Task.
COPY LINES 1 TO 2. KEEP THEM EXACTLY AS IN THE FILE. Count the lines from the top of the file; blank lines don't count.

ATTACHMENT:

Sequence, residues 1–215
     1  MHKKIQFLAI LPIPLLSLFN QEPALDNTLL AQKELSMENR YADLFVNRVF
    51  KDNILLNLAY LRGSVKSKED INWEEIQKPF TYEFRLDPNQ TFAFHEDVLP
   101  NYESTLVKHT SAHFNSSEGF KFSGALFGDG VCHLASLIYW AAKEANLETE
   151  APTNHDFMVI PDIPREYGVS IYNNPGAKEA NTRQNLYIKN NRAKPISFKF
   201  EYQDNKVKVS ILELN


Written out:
Sequence, residues 1–215
     1  MHKKIQFLAI LPIPLLSLFN QEPALDNTLL AQKELSMENR YADLFVNRVF